He has cheated death once more!
Peter Cushing was the master when it came to playing a professor, teacher, mentor or any highly intelligent part. Cushing probably could have held up two Coke cans recited some techno babble and we would all believe he could turn them into ray guns.
It was this adaptability that made Cushing such a great Dr. Victor Von Frankenstein.
In his second Frankenstein film in the Hammer library, Cushing’s doctor escapes the gallows and buries a headless priest in his coffin.
He then escapes to the German city of Carlsbruck. Time passes and the doctor becomes a prominent member of society with a practice that caters to the poor.
Everything is going great as the doctor can continue his research in private and secure needed body parts from the sickly for his experiments.
The doctor’s world comes to a halt when the Medical Board start an investigation into him.
On top of all this, his secret is discovered by a very young, keen and determined Dr. Hans Kleve, who threatens to expose Frankenstein unless he makes him his apprentice. Frankenstein reluctantly agrees.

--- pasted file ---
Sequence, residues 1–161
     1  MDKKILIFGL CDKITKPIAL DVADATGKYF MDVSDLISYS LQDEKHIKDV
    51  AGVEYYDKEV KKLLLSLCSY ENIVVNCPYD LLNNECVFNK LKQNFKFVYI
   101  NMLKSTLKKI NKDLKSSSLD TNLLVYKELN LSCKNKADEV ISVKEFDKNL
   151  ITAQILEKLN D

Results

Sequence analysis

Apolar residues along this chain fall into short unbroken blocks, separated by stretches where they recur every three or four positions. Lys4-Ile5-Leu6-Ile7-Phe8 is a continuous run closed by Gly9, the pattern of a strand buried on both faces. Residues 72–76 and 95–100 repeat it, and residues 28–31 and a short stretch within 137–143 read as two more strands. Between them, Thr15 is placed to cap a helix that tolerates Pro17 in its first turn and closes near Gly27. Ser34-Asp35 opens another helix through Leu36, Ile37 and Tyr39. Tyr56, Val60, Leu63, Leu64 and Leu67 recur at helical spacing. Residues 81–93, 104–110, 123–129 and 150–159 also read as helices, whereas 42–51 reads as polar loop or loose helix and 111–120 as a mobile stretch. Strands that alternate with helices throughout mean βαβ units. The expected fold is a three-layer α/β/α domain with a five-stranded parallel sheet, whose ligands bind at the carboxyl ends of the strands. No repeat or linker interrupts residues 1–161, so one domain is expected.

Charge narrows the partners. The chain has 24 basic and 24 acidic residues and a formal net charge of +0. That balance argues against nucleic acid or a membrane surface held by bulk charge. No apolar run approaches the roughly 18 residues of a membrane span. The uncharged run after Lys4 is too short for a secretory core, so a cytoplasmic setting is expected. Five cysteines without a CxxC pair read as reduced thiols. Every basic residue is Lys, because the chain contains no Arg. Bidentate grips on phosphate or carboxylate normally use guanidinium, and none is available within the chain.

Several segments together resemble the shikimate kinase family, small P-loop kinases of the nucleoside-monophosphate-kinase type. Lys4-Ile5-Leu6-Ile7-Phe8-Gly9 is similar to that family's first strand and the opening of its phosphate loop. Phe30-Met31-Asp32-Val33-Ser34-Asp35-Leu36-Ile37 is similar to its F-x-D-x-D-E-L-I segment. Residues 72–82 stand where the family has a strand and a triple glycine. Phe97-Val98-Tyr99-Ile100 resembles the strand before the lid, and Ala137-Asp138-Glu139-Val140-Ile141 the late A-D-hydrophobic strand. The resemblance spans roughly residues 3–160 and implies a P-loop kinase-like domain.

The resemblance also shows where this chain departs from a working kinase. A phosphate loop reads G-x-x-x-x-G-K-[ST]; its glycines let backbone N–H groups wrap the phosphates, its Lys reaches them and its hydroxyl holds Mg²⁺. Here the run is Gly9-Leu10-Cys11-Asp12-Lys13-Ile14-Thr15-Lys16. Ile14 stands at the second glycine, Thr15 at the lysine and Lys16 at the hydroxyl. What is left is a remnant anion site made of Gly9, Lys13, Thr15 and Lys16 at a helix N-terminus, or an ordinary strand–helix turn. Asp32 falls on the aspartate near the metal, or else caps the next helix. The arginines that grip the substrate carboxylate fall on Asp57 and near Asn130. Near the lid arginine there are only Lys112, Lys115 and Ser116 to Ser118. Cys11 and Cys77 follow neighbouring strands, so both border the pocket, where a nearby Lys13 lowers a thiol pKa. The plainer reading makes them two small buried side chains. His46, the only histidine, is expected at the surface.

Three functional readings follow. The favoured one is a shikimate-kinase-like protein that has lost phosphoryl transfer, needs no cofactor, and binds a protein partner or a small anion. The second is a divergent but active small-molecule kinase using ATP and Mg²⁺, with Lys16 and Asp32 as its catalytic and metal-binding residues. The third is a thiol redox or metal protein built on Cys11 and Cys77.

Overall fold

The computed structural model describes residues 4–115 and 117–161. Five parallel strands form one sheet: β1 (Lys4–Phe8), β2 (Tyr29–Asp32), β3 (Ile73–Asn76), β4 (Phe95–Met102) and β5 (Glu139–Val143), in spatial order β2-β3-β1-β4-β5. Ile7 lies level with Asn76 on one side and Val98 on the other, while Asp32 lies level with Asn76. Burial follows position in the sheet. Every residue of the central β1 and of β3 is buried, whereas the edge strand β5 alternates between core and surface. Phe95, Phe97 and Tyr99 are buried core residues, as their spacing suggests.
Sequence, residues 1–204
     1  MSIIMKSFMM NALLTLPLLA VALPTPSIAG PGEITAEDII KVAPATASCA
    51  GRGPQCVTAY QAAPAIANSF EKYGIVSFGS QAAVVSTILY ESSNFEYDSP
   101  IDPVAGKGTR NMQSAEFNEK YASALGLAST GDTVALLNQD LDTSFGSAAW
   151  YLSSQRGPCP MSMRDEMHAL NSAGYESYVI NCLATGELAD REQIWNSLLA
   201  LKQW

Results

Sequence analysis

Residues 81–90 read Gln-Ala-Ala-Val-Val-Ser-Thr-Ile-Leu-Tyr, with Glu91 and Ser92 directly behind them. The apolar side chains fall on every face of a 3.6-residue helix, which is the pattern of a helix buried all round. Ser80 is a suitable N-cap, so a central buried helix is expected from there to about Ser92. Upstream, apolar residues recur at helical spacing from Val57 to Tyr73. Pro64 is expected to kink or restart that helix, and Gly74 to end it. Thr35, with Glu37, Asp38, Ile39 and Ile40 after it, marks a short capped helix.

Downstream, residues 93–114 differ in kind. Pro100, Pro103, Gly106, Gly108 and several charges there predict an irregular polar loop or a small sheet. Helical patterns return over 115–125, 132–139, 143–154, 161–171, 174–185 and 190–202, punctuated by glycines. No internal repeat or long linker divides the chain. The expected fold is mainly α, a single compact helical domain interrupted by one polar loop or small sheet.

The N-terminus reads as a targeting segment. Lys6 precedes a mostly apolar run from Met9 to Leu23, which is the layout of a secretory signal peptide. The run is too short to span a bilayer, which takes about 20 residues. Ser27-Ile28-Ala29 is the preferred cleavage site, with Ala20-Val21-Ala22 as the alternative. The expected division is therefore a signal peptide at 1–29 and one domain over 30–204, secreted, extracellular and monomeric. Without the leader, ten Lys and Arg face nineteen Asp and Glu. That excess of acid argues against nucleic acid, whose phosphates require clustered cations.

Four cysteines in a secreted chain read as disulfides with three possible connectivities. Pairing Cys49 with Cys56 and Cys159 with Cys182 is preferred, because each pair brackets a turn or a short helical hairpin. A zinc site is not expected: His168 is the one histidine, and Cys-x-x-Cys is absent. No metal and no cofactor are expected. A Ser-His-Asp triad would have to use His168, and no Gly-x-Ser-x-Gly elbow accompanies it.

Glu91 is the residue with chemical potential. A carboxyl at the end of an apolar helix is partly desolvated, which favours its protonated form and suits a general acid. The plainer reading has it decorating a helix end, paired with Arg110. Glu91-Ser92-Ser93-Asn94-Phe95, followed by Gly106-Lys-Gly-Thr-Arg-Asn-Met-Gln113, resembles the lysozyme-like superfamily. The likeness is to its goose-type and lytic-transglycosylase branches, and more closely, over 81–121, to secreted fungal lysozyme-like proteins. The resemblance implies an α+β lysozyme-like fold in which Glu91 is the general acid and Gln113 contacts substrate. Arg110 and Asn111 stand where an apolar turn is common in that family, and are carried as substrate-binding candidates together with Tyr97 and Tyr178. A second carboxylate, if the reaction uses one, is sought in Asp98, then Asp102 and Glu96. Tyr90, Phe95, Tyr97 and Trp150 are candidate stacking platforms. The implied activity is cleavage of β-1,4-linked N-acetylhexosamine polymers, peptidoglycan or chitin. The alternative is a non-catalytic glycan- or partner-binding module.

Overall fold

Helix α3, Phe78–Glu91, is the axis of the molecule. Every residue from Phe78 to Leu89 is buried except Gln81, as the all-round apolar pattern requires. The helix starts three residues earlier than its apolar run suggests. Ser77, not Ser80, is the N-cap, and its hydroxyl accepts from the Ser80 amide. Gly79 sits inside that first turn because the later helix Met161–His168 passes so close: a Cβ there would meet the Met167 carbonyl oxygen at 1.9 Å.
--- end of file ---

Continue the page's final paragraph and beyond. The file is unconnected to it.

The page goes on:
Their first experiment is a brain transplant. They will take the brain of a crippled man and put it into a new body preserved and assembled by Frankenstein.
The crippled man had also made a deal with Frankenstein that he would keep the doctor’s secret as long as he fixed him.
There are more experiments, crazy mishaps and a bound develops between doctor and apprentice.
This is a solid sequel to the already brilliant Curse of Frankenstein but once more it is stabled by Hammer veterans Terence Fisher (director), Jimmy Sangster (screenwriter) and star Peter Cushing.
What is brilliant about this series is that it follows the mad scientist and not the creature.
So many other versions of Frankenstein have always showcased the grotesqueness of the creature. When in fact the original novel asks the question, who is the monster? Man or his creation?
I like the crazy experiments, Cushing’s amazing performances and how his choices influence the world around him. His mad genius is fascinating and it is why I think the Frankenstein series is the best of the Hammer franchises. Can you imagine a TV series like the 1970s “Incredible Hulk” where you have a Victor Frankenstein on the run from the law but is trying to uncover the mad secrets to immortality? Could be fun.
4 out of 5
So Says the Soothsayer